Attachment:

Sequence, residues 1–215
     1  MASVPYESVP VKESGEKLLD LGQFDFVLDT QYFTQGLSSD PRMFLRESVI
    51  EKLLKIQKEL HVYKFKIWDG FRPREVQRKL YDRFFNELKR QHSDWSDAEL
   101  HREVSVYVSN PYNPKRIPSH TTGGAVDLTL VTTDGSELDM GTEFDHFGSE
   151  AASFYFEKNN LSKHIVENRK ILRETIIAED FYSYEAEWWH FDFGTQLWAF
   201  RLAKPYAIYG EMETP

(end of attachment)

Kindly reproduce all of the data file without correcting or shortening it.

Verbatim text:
Sequence, residues 1–215
     1  MASVPYESVP VKESGEKLLD LGQFDFVLDT QYFTQGLSSD PRMFLRESVI
    51  EKLLKIQKEL HVYKFKIWDG FRPREVQRKL YDRFFNELKR QHSDWSDAEL
   101  HREVSVYVSN PYNPKRIPSH TTGGAVDLTL VTTDGSELDM GTEFDHFGSE
   151  AASFYFEKNN LSKHIVENRK ILRETIIAED FYSYEAEWWH FDFGTQLWAF
   201  RLAKPYAIYG EMETP